Somaliland ‘marches to starvation’ as food is weaponised by war

By the time Fahima had scraped together $10 (€9.40) for a lift to the health clinic, her youngest son was wasting away. At 16 months old, Bilar weighed just 10 pounds when he was admitted to the whitewashed paediatric ward — less than half the average for a young boy his age.

“His whole demeanour has changed,” said Fahima, not her real name, in Somaliland, an autonomous region in northern Somalia.

“He was friendly and loved to play. Now, you can see, he has nothing left.”

“In the last two months food has become so much more expensive, the price of rice has doubled,” she added, batting a fly away from Bilar’s head.

“We are forced to buy less because of the increased cost. I’m struggling to secure enough food for my children.”

The consequences could have been deadly for Bilar. He is now receiving treatment for severe malnutrition — but many children have fared worse.

The pair are among 15 million people experiencing acute hunger or starvation across the Horn of Africa amid a food crisis caused by the war in Ukraine and a major drought.

According to estimates from Save the Children and Oxfam, one child is dying every 48 seconds in the region.

Somalia is facing some of the worst of it — 81,000 people are already living in “pockets” of famine and the United Nations has warned that 350,000 children in the country will die by the summer without urgent action.

“The situation is becoming worse by the day,” says Mohamud Mohamed Hassan, director of Save the Children Somalia.

“The war in Ukraine has dealt a blow to what was already a perilous situation for families and children… The result is inflated market prices and unaffordable food and fuel prices.”

The Horn of Africa is heavily dependent on imports of grain and sunflower oil — vital basic foodstuffs that are stuck in Ukraine because of a Russian blockade of the Black Sea port of Odesa.

The Russian army has also been accused of destroying equipment and stealing grain in Ukraine.

Russia and Ukraine account for around a quarter of the world’s wheat exports and the West fears Putin is trying to weaponise food supplies, with 25 million of tons of grain currently rotting in silos because to Moscow’s naval blockade.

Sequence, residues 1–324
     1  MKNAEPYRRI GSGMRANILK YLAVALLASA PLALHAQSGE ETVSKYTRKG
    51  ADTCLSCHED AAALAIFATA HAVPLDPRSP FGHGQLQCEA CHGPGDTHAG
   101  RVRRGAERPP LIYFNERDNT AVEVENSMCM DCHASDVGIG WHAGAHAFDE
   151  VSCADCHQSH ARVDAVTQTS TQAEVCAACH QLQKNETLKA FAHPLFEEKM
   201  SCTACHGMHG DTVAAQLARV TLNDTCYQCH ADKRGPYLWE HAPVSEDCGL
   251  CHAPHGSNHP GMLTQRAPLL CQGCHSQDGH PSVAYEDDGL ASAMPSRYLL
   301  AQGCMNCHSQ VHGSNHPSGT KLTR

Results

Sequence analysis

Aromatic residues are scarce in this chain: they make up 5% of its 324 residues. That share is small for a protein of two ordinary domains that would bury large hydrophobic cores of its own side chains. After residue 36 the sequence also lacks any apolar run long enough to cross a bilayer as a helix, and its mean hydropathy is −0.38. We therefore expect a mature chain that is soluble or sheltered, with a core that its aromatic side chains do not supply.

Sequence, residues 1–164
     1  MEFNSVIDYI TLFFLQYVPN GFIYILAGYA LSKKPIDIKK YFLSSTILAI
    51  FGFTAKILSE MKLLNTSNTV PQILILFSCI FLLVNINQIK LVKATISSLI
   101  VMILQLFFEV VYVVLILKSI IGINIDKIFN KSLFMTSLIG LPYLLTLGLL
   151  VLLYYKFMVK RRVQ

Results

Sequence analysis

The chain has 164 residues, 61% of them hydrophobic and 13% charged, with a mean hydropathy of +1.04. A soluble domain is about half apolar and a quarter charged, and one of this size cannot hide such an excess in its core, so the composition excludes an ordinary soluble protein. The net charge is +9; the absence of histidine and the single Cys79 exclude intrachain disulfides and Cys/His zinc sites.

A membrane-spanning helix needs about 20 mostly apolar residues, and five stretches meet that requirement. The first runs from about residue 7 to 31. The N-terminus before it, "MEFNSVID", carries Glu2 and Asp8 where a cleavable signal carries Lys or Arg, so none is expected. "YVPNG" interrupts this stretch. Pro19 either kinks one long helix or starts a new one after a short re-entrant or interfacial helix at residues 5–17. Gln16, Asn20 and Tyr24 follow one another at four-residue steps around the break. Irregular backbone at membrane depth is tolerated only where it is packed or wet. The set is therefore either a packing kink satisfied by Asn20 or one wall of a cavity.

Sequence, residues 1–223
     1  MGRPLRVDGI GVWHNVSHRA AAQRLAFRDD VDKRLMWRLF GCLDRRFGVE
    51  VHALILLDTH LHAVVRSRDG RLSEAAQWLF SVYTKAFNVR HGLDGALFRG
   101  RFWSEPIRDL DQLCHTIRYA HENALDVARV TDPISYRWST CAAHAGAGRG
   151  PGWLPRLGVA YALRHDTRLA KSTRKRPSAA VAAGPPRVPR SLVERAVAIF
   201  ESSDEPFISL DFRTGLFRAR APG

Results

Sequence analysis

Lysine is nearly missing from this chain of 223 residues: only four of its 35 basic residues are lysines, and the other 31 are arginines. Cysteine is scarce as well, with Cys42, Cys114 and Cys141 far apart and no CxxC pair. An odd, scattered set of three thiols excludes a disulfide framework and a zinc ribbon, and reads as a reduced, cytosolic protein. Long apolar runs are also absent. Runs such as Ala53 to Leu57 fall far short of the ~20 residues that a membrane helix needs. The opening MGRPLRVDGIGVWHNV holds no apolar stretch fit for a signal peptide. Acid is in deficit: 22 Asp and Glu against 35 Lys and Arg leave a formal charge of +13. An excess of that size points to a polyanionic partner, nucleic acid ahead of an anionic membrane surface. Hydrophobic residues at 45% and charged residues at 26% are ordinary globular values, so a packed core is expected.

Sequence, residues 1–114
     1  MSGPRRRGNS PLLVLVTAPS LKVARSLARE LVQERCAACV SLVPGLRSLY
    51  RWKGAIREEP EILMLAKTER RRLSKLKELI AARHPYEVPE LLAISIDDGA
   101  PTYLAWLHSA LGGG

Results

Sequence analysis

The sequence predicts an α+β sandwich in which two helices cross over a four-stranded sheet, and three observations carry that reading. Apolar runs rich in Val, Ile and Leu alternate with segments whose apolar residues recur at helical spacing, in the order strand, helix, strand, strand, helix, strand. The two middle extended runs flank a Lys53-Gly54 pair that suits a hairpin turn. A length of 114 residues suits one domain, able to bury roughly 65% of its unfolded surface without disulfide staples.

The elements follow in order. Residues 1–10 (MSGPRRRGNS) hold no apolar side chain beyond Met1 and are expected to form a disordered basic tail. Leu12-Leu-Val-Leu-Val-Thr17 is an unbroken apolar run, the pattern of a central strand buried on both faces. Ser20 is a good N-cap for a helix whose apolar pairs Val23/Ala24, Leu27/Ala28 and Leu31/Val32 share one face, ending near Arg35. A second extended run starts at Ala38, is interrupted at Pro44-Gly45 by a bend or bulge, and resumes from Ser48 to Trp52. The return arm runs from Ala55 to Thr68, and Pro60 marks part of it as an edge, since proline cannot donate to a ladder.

In Somalia some 90pc of wheat imports usually come from Russia and Ukraine. Alongside Ethiopia and Kenya, the country looks set to be “hardest hit by shocks of the global wheat trade”, the World Food Programme (WFP) has warned.

“We have seen food prices rise this year in a dramatic way that we did not expect,” says Abdul Risaac, the mayor of Burao — a small city in the heart of Somaliland, a de facto state considered internationally as part of Somalia. “In some places food prices have increased five times compared to before the conflict in Ukraine,” he adds.

“It’s a very unfortunate situation that we are in.”

The spiralling food costs come on top of the worst drought in 40 years and pandemic-related economic disruption.

It’s a situation that looks set to deteriorate, with few signs of an end to soaring global prices.

By some estimates, the world has just 10 weeks worth of stockpiled wheat left, while India — the second-largest producer — has suspended exports amid concerns that extreme temperatures could wipe out up to 15pc of this year’s harvest.

Meanwhile, the Horn of Africa’s rainy season, which runs between April and June, has brought with it little rain, raising a very real prospect of a fourth consecutive failed season.

Without intervention, the WFP estimates that a further five million people will “march towards starvation” by the end of the year, taking the total facing food insecurity to 20 million.

“It’s a really bad situation,” says Lizzie Walker, head of the British Government’s Office in Hargeisa, the capital of Somaliland. “It’s looking worse than [the famine in] 2011.”

But although a rapid response during the 2016-17 drought in Somalia averted a famine on the scale of 2011 — when 260,000 people died — it looks unlikely that assistance will match the scale of the current crisis.

For Fahima, sitting cross-legged on the health clinic’s tiled floor, there’s little to do bar pray.

“Of course I am worried. I feel helpless… I have no stable way of getting food,” she says. “But, God willing, we’ll survive.”

© Telegraph Media Group Ltd (2022)